As much as this is related to the point above, I had to include it. Mobile means ‘ability to move freely’. Most people aren’t fully focused when they use apps. They often do other things while interacting with the app such as: walking the dog, watching TV, working out, driving, eating etc.

Where people use the device is as important as how they do it. Fitness or a running app has a very different use case than a banking or a food ordering app.

3. The rule of thumb(s)

People are using mobile phones mostly with their thumbs, which means that we need to design for thumbs, not for clicks. Everything on the screen should be easy to reach without requiring them to stretch their thumb or use two hands.

Thus this is why responsive design is important and a single column layout on mobile is much more preferable. If we use two or more columns we string the screen real estate and we shrink the content out of the thumb zone, which makes it harder to use.
Person Holding Android Smartphone

4. Content first
In web design, we tend to put navigation first and then the content falls around it, but app design is the opposite way.

This is because of the way users view and touch the screens, the most important content should be in the center with the other key navigation controls at the bottom.

However, in tablets, this changes a bit. As we are still allowing the users to navigate with their thumb we need to be sure the rest of the fingers don’t block any content. Important navigational elements need to move to the sides of the screen.

5. Stay on track
No matter the device, mobile requires designing for the touch. But this can be tricky as no two people have the same thumb size, and it’s not as simple as a mouse click.

According to Josh Clark, founder of the UX agency Big Medium and author of Designing for Touch, one number really matters in mobile usability: 44.
The optimal touch target is 7x7mm, which translated into pixels equals roughly 40. But in order to account for various viewing sizes, 44 pixels is the ideal space to cover touch zones and avoid user error.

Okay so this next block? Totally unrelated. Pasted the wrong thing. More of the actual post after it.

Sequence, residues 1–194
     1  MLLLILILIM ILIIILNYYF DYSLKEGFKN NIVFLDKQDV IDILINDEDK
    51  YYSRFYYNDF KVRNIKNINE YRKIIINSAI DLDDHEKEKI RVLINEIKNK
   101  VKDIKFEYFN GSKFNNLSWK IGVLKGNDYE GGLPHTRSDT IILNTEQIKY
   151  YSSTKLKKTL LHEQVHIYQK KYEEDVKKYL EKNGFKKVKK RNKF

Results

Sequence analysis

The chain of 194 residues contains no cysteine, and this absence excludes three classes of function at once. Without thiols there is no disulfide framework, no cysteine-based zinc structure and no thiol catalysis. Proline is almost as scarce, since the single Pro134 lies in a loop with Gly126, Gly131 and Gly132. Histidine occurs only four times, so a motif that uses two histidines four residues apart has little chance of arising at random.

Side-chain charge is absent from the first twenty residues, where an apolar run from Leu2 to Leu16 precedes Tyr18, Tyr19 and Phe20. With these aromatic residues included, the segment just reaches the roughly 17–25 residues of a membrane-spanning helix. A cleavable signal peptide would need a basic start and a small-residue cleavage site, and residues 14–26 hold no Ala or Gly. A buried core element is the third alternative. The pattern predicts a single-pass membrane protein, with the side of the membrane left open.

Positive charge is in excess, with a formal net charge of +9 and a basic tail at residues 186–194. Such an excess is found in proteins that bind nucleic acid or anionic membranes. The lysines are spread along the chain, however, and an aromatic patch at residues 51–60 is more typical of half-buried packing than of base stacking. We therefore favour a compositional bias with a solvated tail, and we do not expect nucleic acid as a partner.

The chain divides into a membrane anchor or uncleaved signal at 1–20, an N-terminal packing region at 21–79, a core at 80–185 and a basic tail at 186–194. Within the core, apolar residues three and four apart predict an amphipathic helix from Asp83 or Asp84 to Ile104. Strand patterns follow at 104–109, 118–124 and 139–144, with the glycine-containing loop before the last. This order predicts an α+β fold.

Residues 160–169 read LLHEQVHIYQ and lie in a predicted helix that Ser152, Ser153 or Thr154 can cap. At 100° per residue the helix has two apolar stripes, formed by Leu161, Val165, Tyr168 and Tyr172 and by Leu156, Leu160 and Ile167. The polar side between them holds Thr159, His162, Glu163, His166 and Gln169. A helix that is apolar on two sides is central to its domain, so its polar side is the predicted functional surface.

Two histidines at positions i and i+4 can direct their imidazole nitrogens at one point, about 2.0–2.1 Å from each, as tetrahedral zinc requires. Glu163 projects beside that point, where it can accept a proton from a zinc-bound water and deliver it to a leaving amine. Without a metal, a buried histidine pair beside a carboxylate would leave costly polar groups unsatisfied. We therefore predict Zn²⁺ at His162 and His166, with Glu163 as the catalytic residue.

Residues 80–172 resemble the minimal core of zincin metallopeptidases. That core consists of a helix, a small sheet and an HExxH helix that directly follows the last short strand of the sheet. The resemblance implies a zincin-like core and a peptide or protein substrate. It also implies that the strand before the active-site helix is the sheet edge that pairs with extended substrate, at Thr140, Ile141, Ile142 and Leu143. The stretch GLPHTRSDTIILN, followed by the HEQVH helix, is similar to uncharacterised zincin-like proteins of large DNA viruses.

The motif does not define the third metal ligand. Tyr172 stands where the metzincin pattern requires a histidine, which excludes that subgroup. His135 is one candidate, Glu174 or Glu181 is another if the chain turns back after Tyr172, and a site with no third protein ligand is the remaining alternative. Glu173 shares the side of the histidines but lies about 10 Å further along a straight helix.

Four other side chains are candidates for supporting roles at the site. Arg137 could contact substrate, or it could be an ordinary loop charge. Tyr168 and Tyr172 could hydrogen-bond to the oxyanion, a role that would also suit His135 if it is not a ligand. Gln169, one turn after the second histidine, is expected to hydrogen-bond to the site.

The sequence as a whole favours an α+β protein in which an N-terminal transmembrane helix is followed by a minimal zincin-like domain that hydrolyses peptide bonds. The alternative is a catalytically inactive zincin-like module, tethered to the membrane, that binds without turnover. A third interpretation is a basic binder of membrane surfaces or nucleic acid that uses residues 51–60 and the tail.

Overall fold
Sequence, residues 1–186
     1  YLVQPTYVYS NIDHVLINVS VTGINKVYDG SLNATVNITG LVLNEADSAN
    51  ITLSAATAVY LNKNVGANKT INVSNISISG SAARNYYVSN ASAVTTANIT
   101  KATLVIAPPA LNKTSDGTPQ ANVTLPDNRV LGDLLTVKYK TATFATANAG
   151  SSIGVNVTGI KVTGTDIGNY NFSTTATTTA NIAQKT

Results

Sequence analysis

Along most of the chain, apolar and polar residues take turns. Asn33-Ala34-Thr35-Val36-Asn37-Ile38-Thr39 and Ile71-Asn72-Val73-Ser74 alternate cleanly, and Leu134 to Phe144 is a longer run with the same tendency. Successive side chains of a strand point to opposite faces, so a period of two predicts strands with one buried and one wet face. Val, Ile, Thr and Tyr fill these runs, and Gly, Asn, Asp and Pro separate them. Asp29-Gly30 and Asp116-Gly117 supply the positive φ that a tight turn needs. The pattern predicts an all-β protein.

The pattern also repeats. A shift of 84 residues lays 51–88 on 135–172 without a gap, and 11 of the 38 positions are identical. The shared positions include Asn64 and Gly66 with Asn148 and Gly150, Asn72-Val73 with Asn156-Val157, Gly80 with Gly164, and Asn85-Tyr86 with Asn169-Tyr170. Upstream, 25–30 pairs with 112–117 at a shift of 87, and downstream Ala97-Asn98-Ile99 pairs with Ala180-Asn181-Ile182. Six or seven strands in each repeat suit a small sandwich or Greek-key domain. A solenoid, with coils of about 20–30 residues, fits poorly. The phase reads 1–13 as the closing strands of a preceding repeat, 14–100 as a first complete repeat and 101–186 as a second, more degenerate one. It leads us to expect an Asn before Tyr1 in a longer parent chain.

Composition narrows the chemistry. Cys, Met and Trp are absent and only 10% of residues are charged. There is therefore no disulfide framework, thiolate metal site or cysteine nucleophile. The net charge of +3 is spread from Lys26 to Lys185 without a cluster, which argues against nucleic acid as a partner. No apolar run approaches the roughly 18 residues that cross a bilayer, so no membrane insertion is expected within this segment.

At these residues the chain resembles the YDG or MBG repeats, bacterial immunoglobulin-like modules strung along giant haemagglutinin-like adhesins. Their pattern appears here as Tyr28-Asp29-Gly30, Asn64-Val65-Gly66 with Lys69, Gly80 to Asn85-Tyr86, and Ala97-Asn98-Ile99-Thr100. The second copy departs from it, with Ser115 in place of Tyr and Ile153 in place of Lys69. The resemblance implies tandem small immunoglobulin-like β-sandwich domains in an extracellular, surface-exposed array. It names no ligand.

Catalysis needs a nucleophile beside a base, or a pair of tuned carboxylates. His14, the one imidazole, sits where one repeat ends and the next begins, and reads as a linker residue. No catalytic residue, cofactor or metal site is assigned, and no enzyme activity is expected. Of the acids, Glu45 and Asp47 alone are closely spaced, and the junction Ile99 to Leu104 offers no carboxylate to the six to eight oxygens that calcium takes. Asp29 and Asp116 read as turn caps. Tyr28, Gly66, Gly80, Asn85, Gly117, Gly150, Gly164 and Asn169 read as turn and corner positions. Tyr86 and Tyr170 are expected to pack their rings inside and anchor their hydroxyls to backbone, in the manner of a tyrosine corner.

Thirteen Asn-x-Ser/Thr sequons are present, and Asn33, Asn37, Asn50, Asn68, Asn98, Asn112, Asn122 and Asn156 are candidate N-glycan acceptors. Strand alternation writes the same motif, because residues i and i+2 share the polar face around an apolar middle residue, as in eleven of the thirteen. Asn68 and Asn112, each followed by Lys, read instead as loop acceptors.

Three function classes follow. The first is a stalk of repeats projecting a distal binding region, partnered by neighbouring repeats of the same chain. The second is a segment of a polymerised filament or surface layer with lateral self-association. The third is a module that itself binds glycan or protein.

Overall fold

6. Physics and devices

We need to enable users swipe, flip, pinch and use the appropriate micro-interactions, but we also need to pay attention to the laws of motion. All response needs to make sense based on the action the user takes.

Micro-interactions bring the app to life and give it an additional context based on Touch. I released an article recently about Creating meaningful micro-interactions, where I talk more in depth about this topic.

Closeup Photo of Three Persons Hands on Table Holding Smartphones

7. Showing the right content
You need to display the user the right content and the right amount of content at the right time.
What really this means is that designers should avoid bombarding users with all the content at once, but at the same time, the most important information shouldn’t be hidden behind navigation.

You need to ensure that the end user needs are met with the main content reveal, and then add controls to allow the user to dig a bit deeper if they want to.

Black Iphone 7 on Brown Table

Conclusion

Mobile design is bigger and more complicated than one screen or one device, and this makes mobile experience non-universal. By following usability principles, designers can make the experience more pleasant and enjoyable for users, no matter the device they are using.